The latest quarterly asset class return forecast from Jeremy Grantham’s Boston-based fund management group GMO makes for interesting reading. For the first time in a long time, the seven year forecast envisages that equities will produce annualised real returns that are above their long term average. In the case of high quality stocks (those with strong balance sheets, positive cash flow and so on), GMO is projecting real returns of 11.4% per annum. For US stocks in general the figure is 7.4% and for emerging market equities 10.7%.
Since GMO is a value investor, it is no surprise to see that it sees little or no value in Government bonds at today’s very low yields. In fact it expects US Treasuries to produce negative returns over the next seven years. It is more positive on emerging market bonds, which it sees making a 4.5% real return over its seven-year forecast horizon.
Although he has been widely dismissed as a perma-bear, that is, someone who is always negative on the outlook for stocks, to my knowledge Jeremy Grantham is a more complex prognosticator than that description would suggest. His warnings that stocks were overvalued during the Greenspan bubble years, and that investors were becoming myopic about risk, have proved to be amply borne out. But in his last quarterly letter (strongly recommended for those who do not know it) he takes a very different stance. The greater risk facing most investors, in his view, is that they will miss out on the market recovery when it comes.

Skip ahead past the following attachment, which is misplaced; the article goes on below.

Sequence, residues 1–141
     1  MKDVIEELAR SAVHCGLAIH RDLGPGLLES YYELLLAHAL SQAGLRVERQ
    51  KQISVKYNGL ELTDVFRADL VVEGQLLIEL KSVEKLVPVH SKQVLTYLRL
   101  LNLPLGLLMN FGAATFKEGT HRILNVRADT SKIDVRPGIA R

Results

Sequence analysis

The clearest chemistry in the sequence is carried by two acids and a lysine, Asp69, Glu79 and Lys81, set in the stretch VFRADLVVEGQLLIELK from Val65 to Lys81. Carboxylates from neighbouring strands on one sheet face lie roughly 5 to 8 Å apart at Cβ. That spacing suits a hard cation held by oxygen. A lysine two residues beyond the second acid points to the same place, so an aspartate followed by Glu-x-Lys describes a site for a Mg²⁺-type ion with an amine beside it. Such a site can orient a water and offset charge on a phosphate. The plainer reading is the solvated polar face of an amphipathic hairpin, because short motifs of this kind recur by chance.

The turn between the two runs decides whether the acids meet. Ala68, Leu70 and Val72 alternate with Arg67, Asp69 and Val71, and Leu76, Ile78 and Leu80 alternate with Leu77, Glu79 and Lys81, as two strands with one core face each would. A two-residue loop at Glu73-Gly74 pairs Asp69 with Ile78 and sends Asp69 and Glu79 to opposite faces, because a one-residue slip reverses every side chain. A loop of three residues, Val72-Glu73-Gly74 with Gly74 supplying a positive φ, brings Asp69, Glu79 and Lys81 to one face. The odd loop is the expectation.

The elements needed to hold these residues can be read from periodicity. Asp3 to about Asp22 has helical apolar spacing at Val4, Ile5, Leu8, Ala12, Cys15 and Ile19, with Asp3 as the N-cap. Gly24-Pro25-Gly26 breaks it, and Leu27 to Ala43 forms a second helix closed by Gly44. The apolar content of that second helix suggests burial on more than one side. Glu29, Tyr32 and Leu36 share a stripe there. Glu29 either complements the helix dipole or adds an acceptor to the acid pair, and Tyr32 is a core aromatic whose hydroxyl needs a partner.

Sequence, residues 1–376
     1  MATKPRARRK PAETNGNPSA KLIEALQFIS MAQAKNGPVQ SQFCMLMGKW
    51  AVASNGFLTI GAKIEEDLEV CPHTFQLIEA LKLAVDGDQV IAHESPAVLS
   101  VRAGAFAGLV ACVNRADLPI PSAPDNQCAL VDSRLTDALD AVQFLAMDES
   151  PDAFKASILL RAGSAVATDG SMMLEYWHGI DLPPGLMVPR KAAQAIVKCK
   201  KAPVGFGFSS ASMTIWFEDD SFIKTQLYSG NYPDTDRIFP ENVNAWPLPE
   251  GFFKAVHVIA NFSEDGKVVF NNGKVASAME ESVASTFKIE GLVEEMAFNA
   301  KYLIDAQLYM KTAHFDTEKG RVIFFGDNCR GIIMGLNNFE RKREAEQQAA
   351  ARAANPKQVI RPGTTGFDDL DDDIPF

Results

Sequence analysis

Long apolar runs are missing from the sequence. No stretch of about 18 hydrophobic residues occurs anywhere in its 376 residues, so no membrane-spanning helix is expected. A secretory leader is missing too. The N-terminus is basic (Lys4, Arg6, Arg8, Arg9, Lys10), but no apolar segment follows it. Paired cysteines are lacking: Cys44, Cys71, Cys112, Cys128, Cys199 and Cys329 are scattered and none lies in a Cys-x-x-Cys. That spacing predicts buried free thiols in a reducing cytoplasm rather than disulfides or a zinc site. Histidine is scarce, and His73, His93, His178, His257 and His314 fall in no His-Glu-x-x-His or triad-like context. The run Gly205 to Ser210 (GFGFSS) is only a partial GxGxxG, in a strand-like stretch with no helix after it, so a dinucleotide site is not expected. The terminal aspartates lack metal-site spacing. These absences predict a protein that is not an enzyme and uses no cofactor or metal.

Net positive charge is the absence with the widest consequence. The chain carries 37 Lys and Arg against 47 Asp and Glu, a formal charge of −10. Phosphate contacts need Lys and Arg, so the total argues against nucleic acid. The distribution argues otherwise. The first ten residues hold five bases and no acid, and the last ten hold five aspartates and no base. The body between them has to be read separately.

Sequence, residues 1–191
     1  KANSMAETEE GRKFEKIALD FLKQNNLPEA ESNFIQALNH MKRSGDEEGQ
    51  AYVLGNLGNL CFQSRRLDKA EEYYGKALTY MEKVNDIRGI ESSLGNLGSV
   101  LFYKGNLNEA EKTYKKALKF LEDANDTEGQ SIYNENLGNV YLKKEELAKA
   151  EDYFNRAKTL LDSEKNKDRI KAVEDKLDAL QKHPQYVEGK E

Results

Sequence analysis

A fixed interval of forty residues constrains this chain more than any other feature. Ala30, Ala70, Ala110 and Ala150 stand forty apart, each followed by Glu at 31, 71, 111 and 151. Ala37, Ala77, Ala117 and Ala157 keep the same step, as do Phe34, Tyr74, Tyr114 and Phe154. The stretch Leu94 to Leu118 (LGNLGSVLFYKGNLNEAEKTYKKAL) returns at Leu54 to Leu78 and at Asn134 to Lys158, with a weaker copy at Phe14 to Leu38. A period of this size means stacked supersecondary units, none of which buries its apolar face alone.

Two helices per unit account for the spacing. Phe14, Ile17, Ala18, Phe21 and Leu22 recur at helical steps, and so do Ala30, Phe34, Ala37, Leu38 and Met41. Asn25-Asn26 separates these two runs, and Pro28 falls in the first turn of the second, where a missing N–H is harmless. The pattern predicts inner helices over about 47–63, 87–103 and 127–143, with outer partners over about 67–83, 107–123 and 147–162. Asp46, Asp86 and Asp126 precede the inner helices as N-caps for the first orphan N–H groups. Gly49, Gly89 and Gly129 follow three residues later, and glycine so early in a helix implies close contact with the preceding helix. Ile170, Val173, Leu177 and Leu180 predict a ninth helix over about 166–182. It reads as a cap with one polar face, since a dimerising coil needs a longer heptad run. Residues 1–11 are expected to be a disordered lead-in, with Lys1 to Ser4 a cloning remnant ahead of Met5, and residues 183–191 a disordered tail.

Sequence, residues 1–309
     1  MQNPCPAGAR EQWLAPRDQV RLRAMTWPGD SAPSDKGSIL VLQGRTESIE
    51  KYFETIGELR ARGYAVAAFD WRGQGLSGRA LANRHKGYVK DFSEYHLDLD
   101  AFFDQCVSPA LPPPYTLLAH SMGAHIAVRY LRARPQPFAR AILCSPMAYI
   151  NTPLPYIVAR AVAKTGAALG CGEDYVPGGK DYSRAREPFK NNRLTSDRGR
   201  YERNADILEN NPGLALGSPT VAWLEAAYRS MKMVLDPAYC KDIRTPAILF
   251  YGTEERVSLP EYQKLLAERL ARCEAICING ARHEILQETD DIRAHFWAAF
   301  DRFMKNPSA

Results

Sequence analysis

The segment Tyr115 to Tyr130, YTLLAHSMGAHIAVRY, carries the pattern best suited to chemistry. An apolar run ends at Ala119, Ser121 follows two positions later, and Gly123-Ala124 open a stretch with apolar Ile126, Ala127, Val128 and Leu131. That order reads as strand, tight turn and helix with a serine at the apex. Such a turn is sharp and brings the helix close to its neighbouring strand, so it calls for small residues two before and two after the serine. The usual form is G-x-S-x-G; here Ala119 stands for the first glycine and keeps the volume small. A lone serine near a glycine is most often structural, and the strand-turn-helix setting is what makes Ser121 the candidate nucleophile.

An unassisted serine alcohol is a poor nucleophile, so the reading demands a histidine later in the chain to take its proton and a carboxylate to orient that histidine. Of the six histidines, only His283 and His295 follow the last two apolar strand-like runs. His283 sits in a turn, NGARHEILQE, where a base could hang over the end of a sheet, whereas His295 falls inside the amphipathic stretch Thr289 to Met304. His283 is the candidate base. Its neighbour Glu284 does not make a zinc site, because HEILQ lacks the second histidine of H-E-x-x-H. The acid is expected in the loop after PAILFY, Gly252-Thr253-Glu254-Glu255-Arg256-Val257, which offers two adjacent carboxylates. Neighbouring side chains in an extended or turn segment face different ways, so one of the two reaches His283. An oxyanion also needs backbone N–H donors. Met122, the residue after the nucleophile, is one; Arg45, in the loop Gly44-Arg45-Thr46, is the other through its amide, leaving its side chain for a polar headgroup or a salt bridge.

At the same time however, historical analysis tells him that most bull markets over-correct on the downside before they are done. So while stocks are now back to somewhat better than fair value, in the short term they could get worse before they get better. Grantham says his worry is that he will get back in too early, as he has done many times before. This seems to me a good summary of where we stand today. Equities have certainly started to look good long term value, and comfort lies in the fact that, while it is possible they could fall another 20%-30% from here, those losses will be recoverable quickly whereas the 30%-50% losses experienced from extreme 2007 levels might not be recouped for many many years. Investors will need to be selective however.